Thread: Equitable?
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Old 03-07-2005, 02:25 AM   #147
Peter Goldsbury
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Re: Equitable?

Quote:
Mary Eastland wrote:
I just checked out the list of instuctors for the Aiki Expo. There were 35 and only 2 of them were women. 2!!!!!!!.

Just had to get that off my chest.
Thanks.
Mary
Interesting thread, both for the original observation (see above) and for the subsequent thread drift.

It is clearly a sensitive topic, calling for sensitivity of expression as well as thinking. I think there are two main issues in the thread, that can be summarized in two questions. They are not the same questions and I think that they have to be answered differently.

Why are there so few women instructors at Aiki Expo 2005?
Why are there so few women instructors in Aikido generally?

Notice that I have suggested by the two questions that this is what Mary Eastland had in mind by making her original observation. Of course, one might argue that her intention was obvious, but from the way the thread developed, it might have been better to have stated the obvious at the beginning.

Only Stanley Pranin can give a definite answer to the first question. However, I suspect that there are relatively few women shihans/instructors that fit the parameters that Stan has decided for Aiki Expo.

Stanley Pranin and I have been friends for many years and I know very well the political problems he has encountered in inviting aikido instructors to Aiki Expo.

One important point, at least from my understanding of the political issues involved, is that Aiki Expo is not restricted to aikido. To put this in another way, anyone who believes that aikido training at the present time is best enriched by some very serious cross-training will find Aiki Expo an opportunity not to be missed. There is nothing else like it\anywhere in the world. However, those who do not believe this will find Aiki Expo of limited appeal.

As such, in my opinion Stan is making a statement in organizing the Aiki Expo\and I applaud him for this, but this will clearly affect those potential participants, especially shihans with a public persona, who believe that aikido is a 'complete' martial art and that the inheritance they have received from the Founder does not really need to be supplemented by anything else.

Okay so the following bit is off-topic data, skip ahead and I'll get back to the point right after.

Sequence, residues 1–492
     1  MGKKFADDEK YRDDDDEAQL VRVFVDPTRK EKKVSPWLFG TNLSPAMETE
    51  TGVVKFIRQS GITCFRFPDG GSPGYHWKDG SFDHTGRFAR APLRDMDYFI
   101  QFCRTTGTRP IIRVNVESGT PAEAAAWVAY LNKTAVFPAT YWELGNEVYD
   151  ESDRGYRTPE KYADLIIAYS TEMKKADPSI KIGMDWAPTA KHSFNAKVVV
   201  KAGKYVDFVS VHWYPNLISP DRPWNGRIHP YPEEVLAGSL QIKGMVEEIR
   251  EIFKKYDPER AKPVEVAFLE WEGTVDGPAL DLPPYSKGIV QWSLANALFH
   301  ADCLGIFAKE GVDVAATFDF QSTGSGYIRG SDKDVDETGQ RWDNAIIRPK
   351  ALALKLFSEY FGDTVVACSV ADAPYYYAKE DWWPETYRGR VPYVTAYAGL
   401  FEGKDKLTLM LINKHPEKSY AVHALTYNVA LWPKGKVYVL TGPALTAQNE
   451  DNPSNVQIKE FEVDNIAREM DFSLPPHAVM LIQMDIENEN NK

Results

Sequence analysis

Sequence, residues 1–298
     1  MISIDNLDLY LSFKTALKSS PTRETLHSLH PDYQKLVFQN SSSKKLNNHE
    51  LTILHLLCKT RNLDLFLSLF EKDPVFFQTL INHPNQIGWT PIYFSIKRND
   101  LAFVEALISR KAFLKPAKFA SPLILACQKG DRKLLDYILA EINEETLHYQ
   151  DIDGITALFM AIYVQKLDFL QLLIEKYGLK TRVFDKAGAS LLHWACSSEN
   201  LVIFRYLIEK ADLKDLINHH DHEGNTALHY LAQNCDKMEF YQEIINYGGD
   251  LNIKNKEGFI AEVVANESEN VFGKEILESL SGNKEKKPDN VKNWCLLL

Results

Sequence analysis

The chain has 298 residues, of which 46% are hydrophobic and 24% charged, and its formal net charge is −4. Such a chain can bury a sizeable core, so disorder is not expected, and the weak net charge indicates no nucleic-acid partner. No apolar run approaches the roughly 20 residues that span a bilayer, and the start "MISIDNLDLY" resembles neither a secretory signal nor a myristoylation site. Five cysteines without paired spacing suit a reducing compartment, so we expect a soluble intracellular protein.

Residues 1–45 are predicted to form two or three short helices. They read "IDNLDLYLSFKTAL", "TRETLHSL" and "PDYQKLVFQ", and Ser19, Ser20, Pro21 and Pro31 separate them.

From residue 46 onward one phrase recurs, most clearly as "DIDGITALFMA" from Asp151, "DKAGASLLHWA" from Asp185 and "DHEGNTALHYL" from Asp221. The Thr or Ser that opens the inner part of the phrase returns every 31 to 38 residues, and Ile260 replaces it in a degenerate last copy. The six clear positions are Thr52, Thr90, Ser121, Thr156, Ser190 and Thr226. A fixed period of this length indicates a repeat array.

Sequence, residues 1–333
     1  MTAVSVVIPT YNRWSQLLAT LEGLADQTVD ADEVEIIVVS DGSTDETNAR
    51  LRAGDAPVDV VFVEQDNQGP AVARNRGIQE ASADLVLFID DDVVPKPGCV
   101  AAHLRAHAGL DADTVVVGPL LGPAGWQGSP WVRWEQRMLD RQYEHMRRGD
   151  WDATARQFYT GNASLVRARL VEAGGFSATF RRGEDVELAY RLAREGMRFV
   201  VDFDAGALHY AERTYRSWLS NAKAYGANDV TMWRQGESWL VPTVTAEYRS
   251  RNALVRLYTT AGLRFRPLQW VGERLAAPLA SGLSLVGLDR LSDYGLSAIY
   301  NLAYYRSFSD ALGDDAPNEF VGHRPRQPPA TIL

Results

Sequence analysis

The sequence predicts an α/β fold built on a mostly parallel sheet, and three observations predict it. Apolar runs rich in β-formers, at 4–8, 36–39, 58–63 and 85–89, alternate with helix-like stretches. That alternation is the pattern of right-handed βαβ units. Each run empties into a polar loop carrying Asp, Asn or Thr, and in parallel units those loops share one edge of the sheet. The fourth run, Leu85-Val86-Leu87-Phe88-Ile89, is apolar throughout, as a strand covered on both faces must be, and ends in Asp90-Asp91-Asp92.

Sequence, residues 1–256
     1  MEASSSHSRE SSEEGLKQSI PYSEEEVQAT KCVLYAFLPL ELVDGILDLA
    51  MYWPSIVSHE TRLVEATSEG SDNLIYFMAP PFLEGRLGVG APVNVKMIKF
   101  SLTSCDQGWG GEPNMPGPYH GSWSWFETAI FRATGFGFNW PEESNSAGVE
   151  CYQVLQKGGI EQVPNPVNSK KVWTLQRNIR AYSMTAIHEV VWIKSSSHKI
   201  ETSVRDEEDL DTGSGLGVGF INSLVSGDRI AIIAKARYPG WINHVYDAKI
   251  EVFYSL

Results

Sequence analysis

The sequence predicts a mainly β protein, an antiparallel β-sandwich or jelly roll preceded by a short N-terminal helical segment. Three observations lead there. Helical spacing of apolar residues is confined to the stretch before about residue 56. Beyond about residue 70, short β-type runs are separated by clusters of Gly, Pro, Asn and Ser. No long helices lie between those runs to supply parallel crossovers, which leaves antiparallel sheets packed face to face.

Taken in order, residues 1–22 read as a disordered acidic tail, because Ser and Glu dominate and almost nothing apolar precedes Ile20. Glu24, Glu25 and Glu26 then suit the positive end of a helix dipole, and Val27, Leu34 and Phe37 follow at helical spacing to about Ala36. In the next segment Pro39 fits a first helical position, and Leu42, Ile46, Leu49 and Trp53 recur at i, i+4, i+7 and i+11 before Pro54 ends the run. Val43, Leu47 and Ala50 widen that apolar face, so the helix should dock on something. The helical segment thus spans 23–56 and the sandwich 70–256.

Thus, in my opinion, if you compare the statement that Stan is making, which is like a call for a return to the earlier martial values that spurred the Founder himself, when he created the art, the question of gender balance among the instructors, in particular the aikido instructors, is one question among many others\at the moment.

As things settle down and Aiki Expo becomes an essential part of the aiki(do) calendar, not just in the US, but also throughout the world\including Japan, the event might well become a kind of beacon for gender issues in aikido, as well as issues relating to the effectiveness of aikido as a postwar Japanese martial art. In this respect the US will lead, in the sense that there will be many more high-ranking instructors of both sexes in the US whom Stan can invite than elsewhere.

In other words, Aiki Expo is being held in the US, where gender issues have received much more attention\and action, than in other countries, Japan, for example. Japan is still in the Stone Age regarding gender equality\and aikido is no exception here. This leads to the second question.

Why so few women instructors in Aikido generally?
Because this is the way aikido has worked so far, since it is dominated by Japanese cultural values.

I think this issue of gender equality is perceived differently outside the US and Europe and it will not do simply to impose alien cultural values. Like Chris Li, I am aware that as a culture Japan is sexist and racist in ways that offends long-term residents like myself. But these are cultural values that will not change on purely rational grounds. I am hopeful that they will change, but the change will not come purely as a result of rational argument on a US/western model.

I have received requests for support from aikido groups in the Middle East, including Iran and Iraq. The requests have come from the leaders of aikido groups who are invariably male. I have no idea how many women practise aikido in Iran, even whether they are allowed to, but the Iranian aikidoists I have had contact with want to make a federation and gain international recognition. This means that they can obtain government recognition and financial support. Iran is one nation among a huge swathe of the world where aikido has hardly penetrated: the Middle East, China, India, and much of Africa.

I cannot speak for other organizations, but the way that the Aikikai has guided the expansion of aikido after World War II has been to create organizations based on national culture, rather like airlines tend to be national flag carriers. Thus many local aikido organizations are very proud of the fact that they are practicing aikido, but in a way that reflects the values of the national culture. For the Japanese, this supposedly harmonious blending of values is another piece of evidence that their brand of einternationalizationf supposedly 'works', in the same way that their overseas aid supposedly eworks'. However, I do not believe this is true.

Nevertheless, in this situation, even to raise the gender issue requires much understanding of the values of the target culture. It is best to enter through their door and bring them out through yours. Otherwise minds will be closed from the outset.

Best regards to all,

P A Goldsbury
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